• Cereal bars
  • Pralines, filled chocolates, ice-creams, nougats, frangipane pie, wafers, chocolate bars with dried fruit.
  • Soups
  • Beers
  • Crackers
  • Hamburgers
  • Ready made meals
  • Ice decorations containing "hazel nut" powder
  • Almonds and almond paste, certain flavourings...
  • Dried fruit and potatoes because of a possible cross-reactive allergy with nuts: your specialist doctor will advise you if it is safe to eat these.


..............NON EXHAUSTIVE LIST

Avoid preparations mentioning "vegetal oil" without specifying if it is sunflower, olive or chestnut oil.


Many cosmetics, certain shampoos and certain medications contain peanuts. Food for fish and birds can also contain some.


At restaurants, do not hesitate to ask the chef which oil he uses, and ingredients for dishes and sauces. This is particularly important in exotic restaurants, as the majority of severe incidents occur in these places.


Cross-reactive allergies with peanuts

  • Garden peas
  • Lentils
  • Soy beans
  • Broad beans
  • Beans
  • Lupin

Ask the baker if he uses lupin flour which improves the bread and brioches' suppleness.


Symptoms of a nut allergy


Nut allergy appears as a rhinitis, hives (sudden onset urticaria), atopic eczema, asthma, vomiting, abdominal pains , symptoms appearing on there own or together and they can be severe sometimes causing anaphylactic shock.
Nut allergy sufferers must always carry a card specifying their nut allergy.

It is vital allergic people should always have within reach an emergency kit containing a steroid drugs, a bronchodilatator inhaler (ventolin) and an self-injection epinepherine syringe.


Additives can cause food allergies


Additives include dyes, preservatives, flavour enhancers, antioxidants, texture enhancers, enzymes, sweetening substances and flavours.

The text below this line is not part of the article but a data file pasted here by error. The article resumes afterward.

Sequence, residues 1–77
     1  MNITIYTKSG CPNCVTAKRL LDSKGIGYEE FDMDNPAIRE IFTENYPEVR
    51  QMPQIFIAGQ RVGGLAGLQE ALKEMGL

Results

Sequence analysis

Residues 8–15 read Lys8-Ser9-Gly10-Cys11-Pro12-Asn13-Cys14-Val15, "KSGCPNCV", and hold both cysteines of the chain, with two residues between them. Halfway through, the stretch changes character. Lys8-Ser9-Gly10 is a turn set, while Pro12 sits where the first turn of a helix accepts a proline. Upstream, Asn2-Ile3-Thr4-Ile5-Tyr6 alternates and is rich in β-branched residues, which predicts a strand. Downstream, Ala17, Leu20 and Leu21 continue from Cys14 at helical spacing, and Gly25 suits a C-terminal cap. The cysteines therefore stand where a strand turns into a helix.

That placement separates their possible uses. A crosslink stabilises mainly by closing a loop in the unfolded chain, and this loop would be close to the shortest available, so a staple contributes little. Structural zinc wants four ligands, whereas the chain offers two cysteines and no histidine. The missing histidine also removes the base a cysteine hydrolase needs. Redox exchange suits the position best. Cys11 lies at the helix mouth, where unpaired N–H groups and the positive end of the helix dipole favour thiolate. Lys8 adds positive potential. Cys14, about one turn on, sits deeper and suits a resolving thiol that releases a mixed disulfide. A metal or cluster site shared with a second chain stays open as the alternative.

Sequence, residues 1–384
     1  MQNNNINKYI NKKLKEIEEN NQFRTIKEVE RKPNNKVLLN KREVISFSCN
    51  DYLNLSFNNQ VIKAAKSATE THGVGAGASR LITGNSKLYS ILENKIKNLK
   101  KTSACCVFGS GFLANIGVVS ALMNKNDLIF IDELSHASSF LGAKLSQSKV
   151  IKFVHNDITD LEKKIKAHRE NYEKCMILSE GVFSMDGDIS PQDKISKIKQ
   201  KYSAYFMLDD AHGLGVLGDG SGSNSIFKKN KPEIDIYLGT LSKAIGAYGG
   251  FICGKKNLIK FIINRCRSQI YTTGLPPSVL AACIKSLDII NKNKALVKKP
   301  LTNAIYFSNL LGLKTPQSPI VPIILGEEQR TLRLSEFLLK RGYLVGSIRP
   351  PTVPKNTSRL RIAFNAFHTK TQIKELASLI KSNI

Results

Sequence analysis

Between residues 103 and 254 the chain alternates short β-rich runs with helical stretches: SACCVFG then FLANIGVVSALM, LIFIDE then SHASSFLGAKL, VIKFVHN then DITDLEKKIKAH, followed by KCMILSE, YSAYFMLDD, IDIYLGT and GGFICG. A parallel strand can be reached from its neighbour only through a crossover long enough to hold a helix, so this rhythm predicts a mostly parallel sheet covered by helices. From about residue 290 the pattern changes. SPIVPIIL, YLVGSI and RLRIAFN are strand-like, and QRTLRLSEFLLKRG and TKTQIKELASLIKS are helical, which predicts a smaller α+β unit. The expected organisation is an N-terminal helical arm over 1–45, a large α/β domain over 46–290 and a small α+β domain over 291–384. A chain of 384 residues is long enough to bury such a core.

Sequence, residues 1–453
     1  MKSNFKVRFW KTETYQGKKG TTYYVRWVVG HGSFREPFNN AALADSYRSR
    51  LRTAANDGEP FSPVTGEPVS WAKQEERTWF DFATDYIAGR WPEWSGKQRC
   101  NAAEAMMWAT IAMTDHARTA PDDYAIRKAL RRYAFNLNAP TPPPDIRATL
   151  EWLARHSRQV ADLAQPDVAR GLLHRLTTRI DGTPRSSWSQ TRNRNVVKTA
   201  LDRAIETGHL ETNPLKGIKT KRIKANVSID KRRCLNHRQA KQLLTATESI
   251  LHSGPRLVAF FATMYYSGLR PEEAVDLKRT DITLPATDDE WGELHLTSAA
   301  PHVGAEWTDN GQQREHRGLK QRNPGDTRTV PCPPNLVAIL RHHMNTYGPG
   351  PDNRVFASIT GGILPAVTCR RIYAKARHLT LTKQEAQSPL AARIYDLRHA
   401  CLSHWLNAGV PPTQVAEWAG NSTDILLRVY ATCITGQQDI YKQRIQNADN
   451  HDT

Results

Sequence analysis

Pseudo (false) allergies to food


Many people think they suffer from an allergy to food whereas they are victims of symptoms similar to those caused by allergies. These "pseudo allergies" or "false allergies" are not related to the production of specific antibodies.
These false food allergies are caused by food histamine releasers. They are rich in histamine or tyramine, a component causing an inflammatory reaction, close to a typical allergic reaction.
The observed symptoms are hives, eczema or angio-oedema. Asthma and rhinitis are seldom noted. Severe reactions such as anaphylactic shock are never observed.

Food rich in histamine


Strawberries, chocolate in all its forms, tuna, sardine, salmon, anchovies, herring, dried fish, smoked fish, beer, wines, cider, alcohol, dry sausage, ham, pig's liver and all cured meat, Emmental, Parmesan cheese, Roquefort, Gouda, Camembert, Cheddar, egg white, tomatoes, spinach, garden peas, sauerkraut, lentils, beans, broad beans, nuts, hazel nuts, peanuts, pineapple, orange, grapefruit, lemon, tangerine, Clementine, papaw, mango.

Food rich in tyramine


Cured meat, chocolate, red wine, white wine, beer, Gruyere, Brie, Roquefort, cabbages, spinaches, avocado, potato, herring, caviar , game,...

Hidden allergens


Food allergens can be found in some dishes without the consumers' knowledge.
  • For example, on can find cow's milk proteins in some reconstituted salmon products, nut protein in pizza or chocolate bars, milk in raviolis rusks, apricot starch in brioches, mustard in small pots for babies, traces of egg protein in products containing surimi, of apricot stones used as almond substitutes....

People allergic to a food, especially those having had severe reactions, must read labels and know precisely the contents of dishes prepared by friends or at the restaurant.

Related


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Latest update on December 17, 2010 at 02:46 PM by Janey39.